NFL Expands 'Thursday Night Football' With CBS, NBC

The most powerful TV programming -- the NFL -- will be getting more airtime on network television. But not everyone will be profitable with the deal.

The football league is expanding its network TV games on Thursday night with CBS and NBC, airing five games each. Each network will pay around $225 million in two-year deals, reportedly. Cabler NFL Network will simulcast all of these broadcast network games.

CBS had aired eight games for each of the past two seasons of “Thursday Night Football” for around a reported $300 million per year in license fees to the league.

But Benjamin Swinburne, media analyst for Morgan Stanley, has written that CBS only sold $190 million in national advertising revenue in 2014 and $205 million this past year, 2015. He expects these losses to grow for other networks involved.



Other analysts say CBS gained major promotional value from having the NFL series, as well as adding more male-targeted programming into its prime-time schedule desired by major TV marketers.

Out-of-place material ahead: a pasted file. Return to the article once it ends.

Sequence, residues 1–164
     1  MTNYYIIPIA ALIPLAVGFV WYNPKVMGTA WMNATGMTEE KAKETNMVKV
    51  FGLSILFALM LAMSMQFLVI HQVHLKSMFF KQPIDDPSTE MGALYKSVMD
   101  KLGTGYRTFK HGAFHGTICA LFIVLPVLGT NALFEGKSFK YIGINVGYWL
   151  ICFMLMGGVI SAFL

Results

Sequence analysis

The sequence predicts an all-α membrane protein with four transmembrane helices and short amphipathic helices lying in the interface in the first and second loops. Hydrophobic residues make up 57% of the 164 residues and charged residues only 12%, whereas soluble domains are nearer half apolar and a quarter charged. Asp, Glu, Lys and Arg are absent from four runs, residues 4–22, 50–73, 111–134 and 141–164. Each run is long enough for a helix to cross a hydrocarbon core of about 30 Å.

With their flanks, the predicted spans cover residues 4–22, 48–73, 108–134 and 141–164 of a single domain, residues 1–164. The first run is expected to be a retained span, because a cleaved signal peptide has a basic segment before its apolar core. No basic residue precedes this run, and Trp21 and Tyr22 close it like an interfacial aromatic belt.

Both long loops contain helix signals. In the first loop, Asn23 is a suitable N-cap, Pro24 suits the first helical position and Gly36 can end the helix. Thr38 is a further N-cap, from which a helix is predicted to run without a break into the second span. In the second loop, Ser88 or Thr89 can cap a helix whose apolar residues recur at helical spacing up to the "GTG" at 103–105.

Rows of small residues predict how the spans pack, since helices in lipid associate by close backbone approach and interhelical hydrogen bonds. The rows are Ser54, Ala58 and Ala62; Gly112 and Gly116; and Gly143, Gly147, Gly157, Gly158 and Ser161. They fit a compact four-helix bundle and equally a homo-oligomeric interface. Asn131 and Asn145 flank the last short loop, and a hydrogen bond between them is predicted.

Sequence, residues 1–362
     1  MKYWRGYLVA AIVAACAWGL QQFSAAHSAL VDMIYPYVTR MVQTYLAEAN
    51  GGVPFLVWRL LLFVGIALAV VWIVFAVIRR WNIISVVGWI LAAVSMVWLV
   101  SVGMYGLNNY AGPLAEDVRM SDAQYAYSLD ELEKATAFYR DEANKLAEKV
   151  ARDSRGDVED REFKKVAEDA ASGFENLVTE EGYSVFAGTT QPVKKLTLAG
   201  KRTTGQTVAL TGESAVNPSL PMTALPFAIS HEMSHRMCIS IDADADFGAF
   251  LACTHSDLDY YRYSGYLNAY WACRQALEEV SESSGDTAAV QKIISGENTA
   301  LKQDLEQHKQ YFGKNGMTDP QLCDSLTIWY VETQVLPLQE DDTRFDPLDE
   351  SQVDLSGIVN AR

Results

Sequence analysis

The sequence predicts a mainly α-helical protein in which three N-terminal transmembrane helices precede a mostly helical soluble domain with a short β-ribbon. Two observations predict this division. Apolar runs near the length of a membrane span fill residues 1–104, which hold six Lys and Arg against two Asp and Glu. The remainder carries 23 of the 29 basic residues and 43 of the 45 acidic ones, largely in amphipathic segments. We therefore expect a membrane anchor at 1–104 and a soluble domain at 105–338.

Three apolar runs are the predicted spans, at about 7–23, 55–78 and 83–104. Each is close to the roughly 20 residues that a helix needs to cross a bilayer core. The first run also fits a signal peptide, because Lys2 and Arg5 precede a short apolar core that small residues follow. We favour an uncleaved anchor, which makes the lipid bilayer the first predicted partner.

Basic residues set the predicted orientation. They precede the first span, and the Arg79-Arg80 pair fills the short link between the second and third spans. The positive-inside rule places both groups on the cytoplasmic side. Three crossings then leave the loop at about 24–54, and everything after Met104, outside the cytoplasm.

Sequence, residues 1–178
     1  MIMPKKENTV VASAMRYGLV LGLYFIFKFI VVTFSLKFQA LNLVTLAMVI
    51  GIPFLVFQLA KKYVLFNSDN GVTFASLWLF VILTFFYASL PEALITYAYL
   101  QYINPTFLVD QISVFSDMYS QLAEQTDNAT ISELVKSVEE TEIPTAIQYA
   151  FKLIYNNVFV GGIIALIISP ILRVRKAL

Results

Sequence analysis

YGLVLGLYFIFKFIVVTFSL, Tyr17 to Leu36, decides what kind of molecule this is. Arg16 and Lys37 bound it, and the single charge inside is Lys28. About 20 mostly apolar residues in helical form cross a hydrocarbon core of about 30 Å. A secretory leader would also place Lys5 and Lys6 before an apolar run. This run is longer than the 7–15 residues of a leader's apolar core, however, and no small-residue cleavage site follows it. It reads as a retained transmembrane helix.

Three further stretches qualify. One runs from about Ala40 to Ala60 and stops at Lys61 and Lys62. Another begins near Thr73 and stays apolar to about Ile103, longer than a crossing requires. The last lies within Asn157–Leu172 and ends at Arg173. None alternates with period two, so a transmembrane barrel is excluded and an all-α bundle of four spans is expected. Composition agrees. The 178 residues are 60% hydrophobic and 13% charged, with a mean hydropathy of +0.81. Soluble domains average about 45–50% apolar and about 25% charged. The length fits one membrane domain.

NBC adds to its football riches; its “Sunday Night Football” series has been the No. 1-viewed TV series for the past few seasons, as well as topping all TV series among 18-49 viewers.

From 2006 through 2013, the NFL had aired Thursday night games, with contests airing only on the NFL Network.

The NFL also plans to sell a streaming video package for the Thursday games. This past season, Yahoo aired an exclusive regular season game featuring featuring the Buffalo Bills and Jacksonville Jaguars in London -- a game that was also aired in those teams respective local TV markets.

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